The decision of the German authorities on the non-withdrawal of the Nord Stream-2 project from the requirements of the so-called “gas directive” of the EU is commented not only in Russia, but also abroad. Perhaps the greatest euphoria about this reigns in the circles of the Ukrainian authorities. So, the chairman of the Ukrainian government, Denis Shmygal, even congratulated Germany on such a decision.
According to Shmygal, the decision made by Berlin “shows allegiance to the uniform rules of the European Union”.
At the same time, in Germany itself, cries of irony are heard about the statement of the Ukrainian prime minister. It is noted that the government of a non-EU country "seems to be more aware of the existence of common EU rules than in the EU itself." It is added that, to put it mildly, it’s strange to talk about common EU rules at a time when even “Schengen” does not work.
Recall that the EU’s “gas directive” prescribes to reserve 50% of gas pipeline capacities to ensure “competitiveness”. European experts believe that, by and large, this rule is not fully operational, since “in case of urgent need” one company may be given more than 50% of the pipeline’s volume. It is noted that the economic crisis could be an important reason for the pipes of the same SP-2 to not be half empty (after the construction of the gas pipeline).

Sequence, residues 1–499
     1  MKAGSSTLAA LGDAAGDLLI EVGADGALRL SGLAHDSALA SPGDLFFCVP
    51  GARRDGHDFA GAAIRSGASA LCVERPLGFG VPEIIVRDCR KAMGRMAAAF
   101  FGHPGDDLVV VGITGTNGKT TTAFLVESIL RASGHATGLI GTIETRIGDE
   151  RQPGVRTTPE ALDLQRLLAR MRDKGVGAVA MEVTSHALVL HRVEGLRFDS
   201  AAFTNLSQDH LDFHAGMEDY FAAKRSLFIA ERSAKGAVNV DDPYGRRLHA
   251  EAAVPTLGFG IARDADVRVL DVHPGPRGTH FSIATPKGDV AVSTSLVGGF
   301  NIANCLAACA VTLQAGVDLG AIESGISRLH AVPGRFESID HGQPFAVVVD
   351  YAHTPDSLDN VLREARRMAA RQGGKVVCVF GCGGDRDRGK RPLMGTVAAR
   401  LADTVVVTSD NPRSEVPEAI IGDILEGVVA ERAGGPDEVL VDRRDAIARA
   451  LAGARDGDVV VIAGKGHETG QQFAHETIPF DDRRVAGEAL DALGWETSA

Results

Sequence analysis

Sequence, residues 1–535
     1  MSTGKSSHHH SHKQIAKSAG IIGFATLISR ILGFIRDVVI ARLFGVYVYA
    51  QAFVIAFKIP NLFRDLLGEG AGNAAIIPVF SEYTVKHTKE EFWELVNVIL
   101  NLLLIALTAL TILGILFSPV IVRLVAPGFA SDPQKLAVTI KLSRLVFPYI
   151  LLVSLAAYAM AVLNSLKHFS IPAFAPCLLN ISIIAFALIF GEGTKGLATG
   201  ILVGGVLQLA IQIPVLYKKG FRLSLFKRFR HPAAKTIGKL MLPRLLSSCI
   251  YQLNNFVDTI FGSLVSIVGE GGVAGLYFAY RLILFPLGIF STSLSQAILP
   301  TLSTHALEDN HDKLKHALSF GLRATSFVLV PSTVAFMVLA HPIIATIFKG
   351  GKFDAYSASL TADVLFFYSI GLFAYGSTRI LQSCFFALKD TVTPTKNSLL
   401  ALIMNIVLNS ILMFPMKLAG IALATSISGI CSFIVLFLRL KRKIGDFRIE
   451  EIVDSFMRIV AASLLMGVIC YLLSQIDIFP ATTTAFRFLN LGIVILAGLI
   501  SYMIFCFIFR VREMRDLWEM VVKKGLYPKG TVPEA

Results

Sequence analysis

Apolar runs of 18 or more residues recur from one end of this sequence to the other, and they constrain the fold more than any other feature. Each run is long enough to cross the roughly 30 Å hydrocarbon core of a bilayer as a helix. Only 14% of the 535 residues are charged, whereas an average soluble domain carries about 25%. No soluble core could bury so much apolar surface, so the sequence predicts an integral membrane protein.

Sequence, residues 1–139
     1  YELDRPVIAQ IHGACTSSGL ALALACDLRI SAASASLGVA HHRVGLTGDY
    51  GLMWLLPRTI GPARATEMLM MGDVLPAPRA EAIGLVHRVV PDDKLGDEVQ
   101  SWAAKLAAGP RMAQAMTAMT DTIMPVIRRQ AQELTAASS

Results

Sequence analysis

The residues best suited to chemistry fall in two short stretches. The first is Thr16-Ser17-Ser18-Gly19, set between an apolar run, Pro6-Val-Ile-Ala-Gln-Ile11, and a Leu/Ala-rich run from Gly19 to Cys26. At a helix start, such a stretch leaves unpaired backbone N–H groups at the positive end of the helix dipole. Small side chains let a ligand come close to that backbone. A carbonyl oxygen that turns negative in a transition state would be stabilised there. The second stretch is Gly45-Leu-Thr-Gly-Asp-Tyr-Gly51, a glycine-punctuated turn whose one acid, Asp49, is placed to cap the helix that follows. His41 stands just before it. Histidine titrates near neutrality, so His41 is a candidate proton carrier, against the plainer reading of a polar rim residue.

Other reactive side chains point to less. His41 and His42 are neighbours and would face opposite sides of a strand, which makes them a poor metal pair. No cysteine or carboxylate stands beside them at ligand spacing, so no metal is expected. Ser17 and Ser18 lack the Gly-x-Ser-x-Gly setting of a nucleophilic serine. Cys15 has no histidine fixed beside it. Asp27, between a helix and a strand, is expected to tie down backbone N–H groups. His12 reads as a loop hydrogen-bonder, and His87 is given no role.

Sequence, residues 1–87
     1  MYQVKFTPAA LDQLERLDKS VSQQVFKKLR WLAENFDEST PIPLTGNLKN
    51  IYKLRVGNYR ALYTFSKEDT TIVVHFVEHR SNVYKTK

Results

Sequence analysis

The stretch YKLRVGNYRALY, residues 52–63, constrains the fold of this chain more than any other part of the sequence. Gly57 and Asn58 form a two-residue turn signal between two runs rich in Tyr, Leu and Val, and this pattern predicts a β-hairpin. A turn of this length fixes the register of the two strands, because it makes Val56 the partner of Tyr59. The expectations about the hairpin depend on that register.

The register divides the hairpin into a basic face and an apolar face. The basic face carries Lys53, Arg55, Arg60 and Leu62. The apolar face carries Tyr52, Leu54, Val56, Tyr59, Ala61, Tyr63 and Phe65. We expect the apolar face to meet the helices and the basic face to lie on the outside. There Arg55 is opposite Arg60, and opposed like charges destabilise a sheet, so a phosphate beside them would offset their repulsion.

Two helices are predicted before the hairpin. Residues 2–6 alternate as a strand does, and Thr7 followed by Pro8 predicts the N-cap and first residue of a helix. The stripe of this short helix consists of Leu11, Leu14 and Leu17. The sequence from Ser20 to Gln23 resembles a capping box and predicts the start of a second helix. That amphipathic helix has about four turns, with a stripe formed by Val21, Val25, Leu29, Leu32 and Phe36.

S&P Global, meanwhile, reminds that Nord Stream-2 has a month to appeal.
Meanwhile, Poland has once again stated that Nord Stream-2 “cannot have any privileges in the European energy market.” PGNiG claims that SP-2 "will pose a threat to the security of supplies and competition in the European gas market."
Of course, they welcomed the decision of the FRG authorities in the USA. But what about the very directive regarding American energy suppliers? If Europe cares so much about competition, then it’s worth extending its gas directive to American marine gas carriers transporting LNG to Europe. In turn, this means that tanker capacities should be filled with 50% of the gas of “alternative suppliers” - for example, LNG from Russia ... Or are they “undemocratic” to extend their EU directives to US gas carriers?